More trials and rule changes as football leaders review Laws of the Game

Football’s rule makers have approved a number of changes to the Laws of the Game to take effect from July 1, 2024.

Though the changes apply from July, competitions starting before then — such as New Zealand’s winter leagues — can delay their implementation till the start of subsequent competitions.

The rule changes relate to permanent concussion substitutes, player equipment, fouls and misconduct, and penalty kicks.

They have been approved at the 138th annual general meeting of the International Football Association Board (IFAB), held in Scotland in early March 2024.

In addition to the rule changes, IFAB said it would continue to run trials to test the value of using sin bins as a punishment for dissent and tactical offences.

Trials will also be used to increase the time limit for goalkeepers to hold the ball for eight seconds, rather than six, with possession reverting to the opposing team if they hold it for longer.

The potential rule change is aimed at reducing time-wasting.

The changes and clarifications

The next edition of the Laws of the Game, which will come into effect on July 1, 2024, will include the following changes and clarifications:

  • Law 3 (The Players): Additional permanent concussion substitutions to be a competition option in accordance with the necessary protocol.
  • Law 3 (The Players) and Law 4 (The Players’ Equipment): Each team must have a team captain who wears an identifying armband.
  • Law 4 (The Players’ Equipment): Players are responsible for the size and suitability of their shinguards, which remain a compulsory part of their equipment.
  • Law 12 (Fouls and Misconduct): Handball offences that are not deliberate, and for which penalties are awarded, are to be treated in the same way as other fouls.
  • Law 14 (The Penalty Kick): Part of the ball must touch or overhang the centre of the penalty mark, and encroachment by outfield players will be penalised only if it has an impact.

More protection against concussion injuries

Under a new protocol for reducing the risks from concussion injuries, teams will be allowed to replace a player with a suspected head injury without it counting towards their allocation of substitutes.

“Regarding permanent concussion substitutions, the trial we’ve run is effectively concluded, and that is now enshrined in the laws of the game,” Scottish Football Association’s chief executive Ian Maxwell old reporters.

“It will be up to competitions to determine if they want to use permanent concussion substitutions as per the protocol.”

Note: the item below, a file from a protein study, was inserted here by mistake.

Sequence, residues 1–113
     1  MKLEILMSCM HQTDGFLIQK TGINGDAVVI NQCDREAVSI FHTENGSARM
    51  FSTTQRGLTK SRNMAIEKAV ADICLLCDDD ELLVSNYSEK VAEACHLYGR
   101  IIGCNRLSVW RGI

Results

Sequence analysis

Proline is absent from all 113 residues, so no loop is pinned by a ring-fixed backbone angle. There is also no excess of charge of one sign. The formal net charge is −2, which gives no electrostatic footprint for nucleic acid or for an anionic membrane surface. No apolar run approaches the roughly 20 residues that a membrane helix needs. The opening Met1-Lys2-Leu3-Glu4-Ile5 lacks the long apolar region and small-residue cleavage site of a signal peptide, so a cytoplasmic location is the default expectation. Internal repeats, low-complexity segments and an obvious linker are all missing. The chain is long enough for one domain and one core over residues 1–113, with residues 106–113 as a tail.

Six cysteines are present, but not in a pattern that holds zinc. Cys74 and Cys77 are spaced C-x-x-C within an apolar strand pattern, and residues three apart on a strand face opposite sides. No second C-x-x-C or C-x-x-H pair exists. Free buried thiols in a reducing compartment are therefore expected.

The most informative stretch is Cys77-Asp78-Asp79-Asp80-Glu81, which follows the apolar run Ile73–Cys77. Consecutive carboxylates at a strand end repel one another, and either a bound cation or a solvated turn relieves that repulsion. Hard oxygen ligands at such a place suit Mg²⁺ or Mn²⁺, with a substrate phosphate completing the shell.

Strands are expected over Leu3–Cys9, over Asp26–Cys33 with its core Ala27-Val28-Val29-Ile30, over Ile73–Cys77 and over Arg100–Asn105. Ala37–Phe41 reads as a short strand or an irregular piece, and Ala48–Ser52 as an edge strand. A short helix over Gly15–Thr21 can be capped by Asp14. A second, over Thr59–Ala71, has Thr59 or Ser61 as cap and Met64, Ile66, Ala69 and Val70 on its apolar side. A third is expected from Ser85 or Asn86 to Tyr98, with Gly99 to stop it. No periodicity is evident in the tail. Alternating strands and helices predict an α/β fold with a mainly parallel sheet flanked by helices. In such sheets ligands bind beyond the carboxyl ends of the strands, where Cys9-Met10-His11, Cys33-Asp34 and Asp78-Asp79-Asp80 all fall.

In New Zealand, new national guidelines have already been introduced for the 2024 winter community football season which include:

  • When a player suffers a concussion, they must have a minimum period of 21 days away from full competition.
  • Medical clearance must be obtained before they return to play.

READ MORE: Community football to introduce new concussion guidelines for 2024 season >>>>

Football leaders backed the moves to raise awareness of how to recognise the symptoms of concussion and treat them appropriately.

Noel Mooney, Chief Executive of the Football Association of Wales. Photo credit: FIFA.

“If there’s any doubt about any player’s ability to continue due to a suspected concussion, then they should be taken off the pitch, they should be assessed properly,” Noel Mooney, Chief Executive of the Football Association of Wales, said.

“And the medical evidence we’ve got suggests there is no amount of time that will allow that to happen and let them still take part in the game. And fundamentally, the protection of the players has to come first.

“Why would you risk a player coming back onto the field who may be concussed because the only tests you can carry out at the side of a pitch won’t give you the concrete understanding of whether a player is concussed or not?

“So it’s very simple. If there’s any doubt about player safety, then the player should be removed from the pitch.”

Other topics

FIFA confirmed that it would launch a global campaign to raise awareness of how to recognise the symptoms of concussion and treat it appropriately, while The IFAB also requested relevant medical data analyses to be provided to the subsequent AGM in line with the amendment to Law 3 regarding this topic.

Members also received an update on The FA’s trials with body cameras at grassroots level and with a ban on “deliberate heading” at U-12 level and below.

The IFAB also received an update on the offside trial which has been undertaken at U-18 level in Italy, and agreed to further trials.

The AGM, which was chaired and hosted by the Scottish FA, was also attended by representatives from FIFA, The FA, the Irish FA, the FA of Wales and The IFAB administration. At the meeting, FIFA Secretary General ad interim Mattias Grafström was confirmed as the new chair of The IFAB’s Board of Directors.

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